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Legislative Assembly for the ACT: 2001 Week 5 Hansard (2 May) . . Page.. 1346..


Impulse Airlines

MR STANHOPE: Mr Speaker, my question to the Chief Minister and Treasurer follows on from the question which my colleague asked of the minister for business. In April last year the ACT government and Impulse entered into an agreement, as we have just heard, to develop a regional airline industry in the ACT in return for $10 million of government incentives. In announcing the deal the government claimed the development of the airline's operations base would create 400 direct jobs and hundreds indirectly. Amongst a raft of other benefits were construction works, which alone were worth $21 million. As we have also heard, regrettably in the minds of most of us, yesterday Impulse Airlines announced a joint venture with Qantas, a move that has been nationally recognised and regarded as a takeover.

Also yesterday, Mr Speaker, the Chief Minister brought down a budget that relies on a growth rate of 4.25 per cent this year and 4.6 per cent in the next, a growth rate that dramatically exceeds the 1.3 per cent prediction by Access Economics for the ACT this year. At a budget breakfast this morning the Chief Minister conceded that the budget's projected surplus is dependent on the optimistic growth forecast and he said that if the rate is not achieved he would inevitably have to put back expenditure. Can the Chief Minister say what impact the failure of Impulse to deliver what it promised-a call centre, its heavy engineering maintenance facility, a training centre and its operations headquarters-would have on the capacity to achieve a 4.6 per cent growth rate.

MR HUMPHRIES: Mr Speaker, first of all, this is a hypothetical question. Impulse has not failed to deliver on the terms of its contract with the ACT government. As Mr Smyth has just made clear, Impulse's obligation was to deliver a number of benefits to the ACT community over a period of time and they would receive a benefit from the ACT government for each of the achievements, the milestones, that they notched up in delivering those benefits. No benefit, no conversion of the loan into a grant.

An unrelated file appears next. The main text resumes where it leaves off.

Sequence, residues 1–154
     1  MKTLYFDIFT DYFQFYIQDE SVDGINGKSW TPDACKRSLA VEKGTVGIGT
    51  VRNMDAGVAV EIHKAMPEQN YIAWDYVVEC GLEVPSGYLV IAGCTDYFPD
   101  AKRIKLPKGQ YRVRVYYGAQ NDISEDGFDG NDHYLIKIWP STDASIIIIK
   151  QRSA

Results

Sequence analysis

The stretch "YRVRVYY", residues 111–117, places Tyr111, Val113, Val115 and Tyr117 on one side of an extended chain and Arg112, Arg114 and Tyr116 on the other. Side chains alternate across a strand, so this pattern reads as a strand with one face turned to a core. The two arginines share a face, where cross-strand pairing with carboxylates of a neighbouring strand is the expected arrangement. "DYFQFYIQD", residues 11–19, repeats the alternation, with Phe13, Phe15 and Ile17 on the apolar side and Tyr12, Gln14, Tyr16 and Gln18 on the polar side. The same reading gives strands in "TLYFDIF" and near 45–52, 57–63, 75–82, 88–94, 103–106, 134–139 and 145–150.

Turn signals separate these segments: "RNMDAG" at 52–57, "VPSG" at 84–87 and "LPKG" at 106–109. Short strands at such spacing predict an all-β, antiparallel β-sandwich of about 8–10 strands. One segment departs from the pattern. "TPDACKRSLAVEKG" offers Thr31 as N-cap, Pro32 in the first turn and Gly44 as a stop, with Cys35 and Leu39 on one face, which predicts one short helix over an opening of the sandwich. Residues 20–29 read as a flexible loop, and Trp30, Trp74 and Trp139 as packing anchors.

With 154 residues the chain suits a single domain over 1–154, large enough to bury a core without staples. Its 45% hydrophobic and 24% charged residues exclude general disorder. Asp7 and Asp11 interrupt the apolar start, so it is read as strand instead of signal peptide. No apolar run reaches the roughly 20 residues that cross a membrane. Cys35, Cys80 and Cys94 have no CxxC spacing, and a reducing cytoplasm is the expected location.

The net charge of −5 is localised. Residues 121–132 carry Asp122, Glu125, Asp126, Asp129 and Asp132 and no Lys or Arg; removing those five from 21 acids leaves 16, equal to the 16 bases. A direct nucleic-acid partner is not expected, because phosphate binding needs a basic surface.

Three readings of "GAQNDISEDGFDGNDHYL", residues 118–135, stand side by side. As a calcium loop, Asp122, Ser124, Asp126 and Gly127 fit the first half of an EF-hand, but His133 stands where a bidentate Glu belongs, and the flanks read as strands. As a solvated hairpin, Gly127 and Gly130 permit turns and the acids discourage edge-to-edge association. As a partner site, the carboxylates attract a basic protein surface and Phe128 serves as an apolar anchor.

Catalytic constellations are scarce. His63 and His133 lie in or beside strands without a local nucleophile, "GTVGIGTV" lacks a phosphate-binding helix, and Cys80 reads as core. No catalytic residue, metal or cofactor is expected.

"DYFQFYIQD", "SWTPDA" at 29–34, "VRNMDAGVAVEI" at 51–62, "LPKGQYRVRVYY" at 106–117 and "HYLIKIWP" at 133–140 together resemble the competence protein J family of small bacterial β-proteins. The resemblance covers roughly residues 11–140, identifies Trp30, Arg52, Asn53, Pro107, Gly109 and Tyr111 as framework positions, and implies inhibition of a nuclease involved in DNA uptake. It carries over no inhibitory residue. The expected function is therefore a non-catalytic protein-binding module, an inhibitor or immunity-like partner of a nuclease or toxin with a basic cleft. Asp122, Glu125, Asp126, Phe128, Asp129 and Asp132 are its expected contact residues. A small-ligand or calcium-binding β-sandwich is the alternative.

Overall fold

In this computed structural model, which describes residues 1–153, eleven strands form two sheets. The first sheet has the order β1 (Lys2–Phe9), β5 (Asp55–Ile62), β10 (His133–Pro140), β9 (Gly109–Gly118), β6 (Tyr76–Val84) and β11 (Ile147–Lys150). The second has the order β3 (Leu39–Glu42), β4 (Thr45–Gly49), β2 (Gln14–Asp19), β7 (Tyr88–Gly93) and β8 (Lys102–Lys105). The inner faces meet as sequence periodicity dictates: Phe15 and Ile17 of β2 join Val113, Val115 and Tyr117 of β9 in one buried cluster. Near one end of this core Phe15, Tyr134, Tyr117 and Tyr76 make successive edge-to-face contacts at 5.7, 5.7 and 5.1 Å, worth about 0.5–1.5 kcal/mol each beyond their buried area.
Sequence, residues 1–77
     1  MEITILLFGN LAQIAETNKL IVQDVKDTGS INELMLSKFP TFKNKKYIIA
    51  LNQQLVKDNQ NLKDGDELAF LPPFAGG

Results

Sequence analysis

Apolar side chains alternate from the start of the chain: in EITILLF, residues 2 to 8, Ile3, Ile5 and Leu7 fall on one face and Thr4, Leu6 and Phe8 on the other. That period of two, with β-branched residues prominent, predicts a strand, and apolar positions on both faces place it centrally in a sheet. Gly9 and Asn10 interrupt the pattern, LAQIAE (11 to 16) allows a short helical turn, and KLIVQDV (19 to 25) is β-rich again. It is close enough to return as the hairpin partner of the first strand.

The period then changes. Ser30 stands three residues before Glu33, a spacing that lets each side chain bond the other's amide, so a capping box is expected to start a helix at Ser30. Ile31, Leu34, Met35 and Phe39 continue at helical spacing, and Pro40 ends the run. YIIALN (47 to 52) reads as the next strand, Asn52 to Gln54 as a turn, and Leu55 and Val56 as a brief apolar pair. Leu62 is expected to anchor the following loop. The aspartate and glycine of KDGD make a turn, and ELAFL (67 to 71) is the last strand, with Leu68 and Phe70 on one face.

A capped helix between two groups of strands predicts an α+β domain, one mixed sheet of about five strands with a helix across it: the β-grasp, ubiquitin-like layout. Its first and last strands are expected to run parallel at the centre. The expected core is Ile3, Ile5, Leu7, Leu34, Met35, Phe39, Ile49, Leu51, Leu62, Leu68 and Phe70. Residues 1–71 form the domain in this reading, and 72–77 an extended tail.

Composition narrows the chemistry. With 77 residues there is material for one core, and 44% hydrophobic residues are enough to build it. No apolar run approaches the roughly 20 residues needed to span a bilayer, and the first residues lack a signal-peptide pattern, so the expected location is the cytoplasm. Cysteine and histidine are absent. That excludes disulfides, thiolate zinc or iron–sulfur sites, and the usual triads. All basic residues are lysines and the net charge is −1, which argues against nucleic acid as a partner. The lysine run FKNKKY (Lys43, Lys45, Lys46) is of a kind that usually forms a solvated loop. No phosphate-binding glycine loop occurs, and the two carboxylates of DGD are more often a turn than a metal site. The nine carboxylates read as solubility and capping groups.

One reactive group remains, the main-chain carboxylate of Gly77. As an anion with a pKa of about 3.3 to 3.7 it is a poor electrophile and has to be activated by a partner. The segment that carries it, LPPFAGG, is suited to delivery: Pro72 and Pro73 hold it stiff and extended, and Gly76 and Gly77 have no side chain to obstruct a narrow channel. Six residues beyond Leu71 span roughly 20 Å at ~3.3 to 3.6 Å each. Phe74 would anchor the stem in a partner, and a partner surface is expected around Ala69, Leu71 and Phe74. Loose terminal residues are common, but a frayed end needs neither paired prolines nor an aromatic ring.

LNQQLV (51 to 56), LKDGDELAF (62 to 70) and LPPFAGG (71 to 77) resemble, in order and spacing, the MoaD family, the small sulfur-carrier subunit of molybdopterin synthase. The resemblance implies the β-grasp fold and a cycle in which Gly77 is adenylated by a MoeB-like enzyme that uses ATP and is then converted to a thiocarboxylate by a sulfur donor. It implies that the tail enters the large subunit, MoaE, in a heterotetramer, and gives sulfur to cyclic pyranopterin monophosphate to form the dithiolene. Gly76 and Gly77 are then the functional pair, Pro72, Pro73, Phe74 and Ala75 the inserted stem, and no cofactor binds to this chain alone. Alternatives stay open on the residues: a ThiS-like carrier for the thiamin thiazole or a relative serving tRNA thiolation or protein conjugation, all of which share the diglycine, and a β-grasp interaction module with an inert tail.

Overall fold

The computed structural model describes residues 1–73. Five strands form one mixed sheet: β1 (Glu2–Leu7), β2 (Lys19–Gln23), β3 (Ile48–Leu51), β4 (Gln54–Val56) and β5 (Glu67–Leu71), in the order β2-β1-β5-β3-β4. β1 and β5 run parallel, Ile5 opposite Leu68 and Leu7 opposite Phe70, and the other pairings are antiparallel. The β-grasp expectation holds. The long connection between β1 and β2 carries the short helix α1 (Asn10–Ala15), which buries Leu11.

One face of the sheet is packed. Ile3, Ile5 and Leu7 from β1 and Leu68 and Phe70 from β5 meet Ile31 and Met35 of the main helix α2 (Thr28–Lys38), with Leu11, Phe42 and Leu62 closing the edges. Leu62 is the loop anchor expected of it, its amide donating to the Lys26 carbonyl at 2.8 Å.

So the assertion, almost, in this question that there was a failure to deliver by Impulse is an assertion not based on any fact. As Mr Smyth pointed out, a claim from Impulse has already been put to the ACT government that three of the milestones have in fact been achieved, as specified in the contract. An indication came from Impulse yesterday by way of media statement that it was the intention of Impulse, or Impulse/Qantas, to deliver on other commitments made to the ACT government in that contract. I do not know whether that is the case or not; I am relying on the media release. The government's intention is to find out as soon as possible what exactly the position is with respect to this. We will hold urgent meetings with Impulse and Qantas to discover what exactly is the state of affairs.

I reserve comment on this merger or takeover, whatever it is, until I have more information. But I will say that I think it is wrong to assert that this deal has fallen through in the ACT. It certainly has already been at least partially delivered on-at least that is the claim that Impulse have made to the government, which we are currently in the process of verifying.


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